The body of the child is sometimes covered all over with little red spots, called the red gum, and commonly proceeding from the costiveness of the child, when the Meconium hat not been sufficiently purged off at first. And here it will not be improper to observe, that as the whole tract of the Colon is filled with this viscid excrement, which hath been gradually accumulated for a considerable time; and as the small intestines, stomach, and gullet are lined with a glary fluid or Mucus, the child ought to take no other nourishment than pap as thin as whey, to dilute this fluid, for the first two days; or indeed, till it sucks the mother's milk, which begins to be secreted about the third day, and is at first, sufficiently purgative to discharge these humours; and better adapted for the purpose than any artificial purge.
If the mother's milk cannot be had, a nurse lately delivered is to be found; and if the purgative quality of her milk is decreased, she must be ordered to take repeated small doses of manna or lenitive electuary, by which it will recover its former virtue, and the child be sufficiently purged.
If the child is brought up by hand, the food ought to imitate, as near as possible, the mother's milk: let it consist of loafbread and water boiled up together, in form of panada, and mixed with the same quantity of new cow's milk, and sometimes with the broth of fowl or mutton. When the child is costive, two drachms of manna, or from two to four grains of rhubarb, may be given: and when the stools are green and curdled, it will be proper to absorb the prevailing acid with the testaceous powders, such as the Chel. Cancror. fimp. or Test. Ostrear. given from the quantity of ten grains to a scruple: and for this purpose. the Magnesia alba is recommended from one to two drachms a day, as being both opening and absorbent. The red gum may likewise proceed from the officiousness of the nurse, by which the scarf skin hath been abraded, or rubbed off; in which case, the child must be bathed in warm milk, and the parts softened with pomatum: the same bath may be also used daily in the other kind, and the belly kept open with the aforementioned medicines; with which, some syrup, tincture, or powder of rhubarb, may be mixed, or given by itself, if the stools are of a greenish hue.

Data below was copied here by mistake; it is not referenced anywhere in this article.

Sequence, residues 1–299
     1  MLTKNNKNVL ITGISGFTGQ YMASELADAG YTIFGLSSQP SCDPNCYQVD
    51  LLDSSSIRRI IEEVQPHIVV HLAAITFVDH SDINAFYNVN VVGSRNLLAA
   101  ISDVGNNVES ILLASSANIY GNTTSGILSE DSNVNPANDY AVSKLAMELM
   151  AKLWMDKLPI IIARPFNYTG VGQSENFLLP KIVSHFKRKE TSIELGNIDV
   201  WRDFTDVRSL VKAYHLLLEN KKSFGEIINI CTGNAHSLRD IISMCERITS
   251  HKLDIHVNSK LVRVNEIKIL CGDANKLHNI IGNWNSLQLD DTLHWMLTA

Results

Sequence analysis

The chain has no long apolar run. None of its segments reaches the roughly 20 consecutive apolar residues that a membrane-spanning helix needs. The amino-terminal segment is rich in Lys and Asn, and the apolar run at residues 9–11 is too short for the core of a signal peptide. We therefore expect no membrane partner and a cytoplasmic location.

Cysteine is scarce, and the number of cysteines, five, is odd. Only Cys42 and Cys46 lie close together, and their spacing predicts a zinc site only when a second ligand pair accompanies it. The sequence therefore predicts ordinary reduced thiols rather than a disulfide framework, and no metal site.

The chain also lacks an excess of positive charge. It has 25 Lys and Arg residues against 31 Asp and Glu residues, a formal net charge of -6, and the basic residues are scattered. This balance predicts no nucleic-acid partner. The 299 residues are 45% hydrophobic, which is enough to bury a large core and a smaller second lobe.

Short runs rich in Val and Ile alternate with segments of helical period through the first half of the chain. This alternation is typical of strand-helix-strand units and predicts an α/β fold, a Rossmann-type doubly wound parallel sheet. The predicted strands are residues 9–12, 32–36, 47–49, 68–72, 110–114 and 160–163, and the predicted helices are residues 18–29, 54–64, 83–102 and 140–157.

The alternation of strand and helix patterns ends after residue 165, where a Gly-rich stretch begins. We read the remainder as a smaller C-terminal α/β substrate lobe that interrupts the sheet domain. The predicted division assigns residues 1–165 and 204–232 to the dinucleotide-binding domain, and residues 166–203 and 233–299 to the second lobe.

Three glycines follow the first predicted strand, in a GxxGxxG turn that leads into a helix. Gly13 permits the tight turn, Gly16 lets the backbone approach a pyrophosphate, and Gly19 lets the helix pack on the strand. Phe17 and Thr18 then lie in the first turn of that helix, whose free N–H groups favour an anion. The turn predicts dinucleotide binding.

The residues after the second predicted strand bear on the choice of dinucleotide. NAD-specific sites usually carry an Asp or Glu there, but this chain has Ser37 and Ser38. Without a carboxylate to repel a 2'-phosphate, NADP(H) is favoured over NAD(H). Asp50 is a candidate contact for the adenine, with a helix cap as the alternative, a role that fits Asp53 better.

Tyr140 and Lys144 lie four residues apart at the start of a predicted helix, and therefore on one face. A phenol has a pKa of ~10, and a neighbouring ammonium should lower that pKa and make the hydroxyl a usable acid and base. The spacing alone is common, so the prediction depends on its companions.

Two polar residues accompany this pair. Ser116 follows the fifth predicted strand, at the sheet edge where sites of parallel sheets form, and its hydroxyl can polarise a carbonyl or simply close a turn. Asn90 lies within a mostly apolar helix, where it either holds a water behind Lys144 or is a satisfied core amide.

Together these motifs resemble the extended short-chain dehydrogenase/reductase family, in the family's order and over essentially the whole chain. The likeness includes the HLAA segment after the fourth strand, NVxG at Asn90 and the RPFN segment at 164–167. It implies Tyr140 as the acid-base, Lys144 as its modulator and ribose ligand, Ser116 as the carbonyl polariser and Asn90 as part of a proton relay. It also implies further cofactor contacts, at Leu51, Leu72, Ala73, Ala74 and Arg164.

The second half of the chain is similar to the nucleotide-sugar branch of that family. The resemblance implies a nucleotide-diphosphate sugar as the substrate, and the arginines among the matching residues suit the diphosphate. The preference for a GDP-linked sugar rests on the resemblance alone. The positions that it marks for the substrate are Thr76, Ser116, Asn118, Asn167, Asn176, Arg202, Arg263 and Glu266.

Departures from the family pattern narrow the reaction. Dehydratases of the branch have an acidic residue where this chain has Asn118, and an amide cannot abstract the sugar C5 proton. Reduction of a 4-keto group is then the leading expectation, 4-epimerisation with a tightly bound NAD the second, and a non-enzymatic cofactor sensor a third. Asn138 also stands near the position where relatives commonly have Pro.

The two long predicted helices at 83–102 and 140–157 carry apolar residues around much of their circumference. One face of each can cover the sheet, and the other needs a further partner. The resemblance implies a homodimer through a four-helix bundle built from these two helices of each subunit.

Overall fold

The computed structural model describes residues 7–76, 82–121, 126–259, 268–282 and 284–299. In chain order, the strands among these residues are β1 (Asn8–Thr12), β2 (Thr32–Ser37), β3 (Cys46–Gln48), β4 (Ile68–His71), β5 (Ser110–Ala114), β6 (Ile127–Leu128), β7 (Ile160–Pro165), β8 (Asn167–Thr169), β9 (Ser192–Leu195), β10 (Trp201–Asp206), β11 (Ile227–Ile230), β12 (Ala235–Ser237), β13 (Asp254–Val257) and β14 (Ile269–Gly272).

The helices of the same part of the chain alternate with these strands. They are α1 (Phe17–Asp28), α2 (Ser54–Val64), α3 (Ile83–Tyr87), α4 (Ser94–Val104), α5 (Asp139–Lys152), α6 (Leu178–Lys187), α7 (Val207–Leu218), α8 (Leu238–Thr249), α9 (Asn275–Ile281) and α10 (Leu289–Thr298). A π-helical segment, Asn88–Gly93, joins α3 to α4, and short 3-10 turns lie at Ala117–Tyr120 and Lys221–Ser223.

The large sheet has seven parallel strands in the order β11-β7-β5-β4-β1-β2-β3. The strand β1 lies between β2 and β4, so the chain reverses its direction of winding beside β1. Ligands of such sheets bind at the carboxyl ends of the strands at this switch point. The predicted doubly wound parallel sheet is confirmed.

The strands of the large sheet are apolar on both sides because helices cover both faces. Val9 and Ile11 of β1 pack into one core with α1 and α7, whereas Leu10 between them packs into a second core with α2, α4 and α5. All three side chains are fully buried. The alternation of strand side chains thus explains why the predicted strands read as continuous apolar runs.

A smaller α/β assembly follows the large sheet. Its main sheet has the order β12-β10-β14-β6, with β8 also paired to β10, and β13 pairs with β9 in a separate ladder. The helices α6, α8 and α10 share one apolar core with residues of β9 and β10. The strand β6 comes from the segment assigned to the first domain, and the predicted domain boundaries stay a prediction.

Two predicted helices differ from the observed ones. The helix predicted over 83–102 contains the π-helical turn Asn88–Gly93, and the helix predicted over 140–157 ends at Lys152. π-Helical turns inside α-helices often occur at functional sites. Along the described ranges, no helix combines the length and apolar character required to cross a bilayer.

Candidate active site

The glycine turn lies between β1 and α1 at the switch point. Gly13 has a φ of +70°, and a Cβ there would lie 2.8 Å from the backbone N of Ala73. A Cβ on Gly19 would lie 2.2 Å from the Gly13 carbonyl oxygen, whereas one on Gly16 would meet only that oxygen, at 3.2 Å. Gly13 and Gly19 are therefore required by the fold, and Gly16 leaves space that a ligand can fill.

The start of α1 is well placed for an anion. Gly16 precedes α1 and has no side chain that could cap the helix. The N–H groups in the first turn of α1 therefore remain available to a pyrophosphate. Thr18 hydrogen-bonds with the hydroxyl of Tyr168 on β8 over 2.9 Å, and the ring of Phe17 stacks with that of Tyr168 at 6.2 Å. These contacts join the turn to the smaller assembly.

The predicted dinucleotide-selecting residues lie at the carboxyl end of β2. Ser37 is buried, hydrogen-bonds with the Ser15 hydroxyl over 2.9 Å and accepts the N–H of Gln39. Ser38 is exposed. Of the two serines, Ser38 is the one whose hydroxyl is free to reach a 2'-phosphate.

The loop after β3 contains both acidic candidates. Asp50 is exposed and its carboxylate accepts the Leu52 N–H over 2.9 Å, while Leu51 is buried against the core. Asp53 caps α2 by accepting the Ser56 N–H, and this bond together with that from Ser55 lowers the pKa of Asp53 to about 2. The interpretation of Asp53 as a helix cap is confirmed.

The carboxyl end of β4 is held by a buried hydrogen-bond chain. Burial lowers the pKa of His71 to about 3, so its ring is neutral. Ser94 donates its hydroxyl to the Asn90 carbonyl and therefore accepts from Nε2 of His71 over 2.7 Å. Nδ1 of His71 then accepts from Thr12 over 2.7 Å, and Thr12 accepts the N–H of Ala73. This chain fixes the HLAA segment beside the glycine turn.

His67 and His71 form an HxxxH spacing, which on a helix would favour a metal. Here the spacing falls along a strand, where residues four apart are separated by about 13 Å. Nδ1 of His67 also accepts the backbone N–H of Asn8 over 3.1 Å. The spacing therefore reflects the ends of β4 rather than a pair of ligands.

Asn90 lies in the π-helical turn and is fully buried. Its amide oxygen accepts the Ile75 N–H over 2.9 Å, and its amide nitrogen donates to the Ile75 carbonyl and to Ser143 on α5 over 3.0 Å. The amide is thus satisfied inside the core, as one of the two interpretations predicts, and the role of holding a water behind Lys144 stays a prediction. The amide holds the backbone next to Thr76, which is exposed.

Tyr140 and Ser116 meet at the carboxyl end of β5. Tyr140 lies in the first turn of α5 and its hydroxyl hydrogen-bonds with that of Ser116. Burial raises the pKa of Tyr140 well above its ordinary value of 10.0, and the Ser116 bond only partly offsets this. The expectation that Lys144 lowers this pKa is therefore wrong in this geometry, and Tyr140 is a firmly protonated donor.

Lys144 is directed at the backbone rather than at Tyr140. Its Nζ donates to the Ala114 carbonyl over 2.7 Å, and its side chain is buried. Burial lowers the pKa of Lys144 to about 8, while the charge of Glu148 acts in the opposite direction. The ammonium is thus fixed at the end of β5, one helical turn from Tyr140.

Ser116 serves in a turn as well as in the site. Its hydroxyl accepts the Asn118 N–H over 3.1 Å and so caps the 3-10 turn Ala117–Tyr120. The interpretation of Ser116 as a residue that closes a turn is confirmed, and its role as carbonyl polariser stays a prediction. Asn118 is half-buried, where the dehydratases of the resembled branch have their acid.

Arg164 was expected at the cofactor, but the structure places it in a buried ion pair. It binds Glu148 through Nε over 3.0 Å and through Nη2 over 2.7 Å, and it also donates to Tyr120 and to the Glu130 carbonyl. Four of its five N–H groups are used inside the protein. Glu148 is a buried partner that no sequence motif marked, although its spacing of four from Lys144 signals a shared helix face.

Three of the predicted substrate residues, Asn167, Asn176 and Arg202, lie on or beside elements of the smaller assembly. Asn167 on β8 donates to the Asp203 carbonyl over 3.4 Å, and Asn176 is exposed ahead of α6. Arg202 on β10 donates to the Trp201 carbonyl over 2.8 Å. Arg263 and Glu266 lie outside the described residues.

Excoriations behind the ears, in the neck and groin of the child, are sometimes, indeed, unavoidable in fat and gross habits; but most commonly proceed from the carelessness of the nurse, who neglects to wash and keep the parts clean: they are, however, easily dried up and healed, with Unguent. Alb. Pulv. e Ceruffa, or fuller's earth. Yet we ought to be cautious in applying drying medicines behind the ears, because a discharge in that part frequently prevents worse diseases.
The Aptha, or thrush, is a disease to which new-born children are frequently subject, and is often dangerous, when neglected at the beginning. This disease proceeds from weakness and laxity of the contracting force of the stomach and intestines, by which the ascescent food is not digested; and from a defect in the necessary excretion of bile, with which it ought to be mixed. This prevailing acid in the Primae viae, produces gripings and loose green stools, that weaken the child more and more, deprived of its proper nourishment and rest, and occasion a fever from inanition and irritation. The smallest vessels at the mouths of the excretory ducts in the mouth, gullet, stomach, and intestines, are obstructed and ulcerated in consequence of the child's weakness and acrimonious vomitings, belchings, and stools, and little foul ulcers are formed.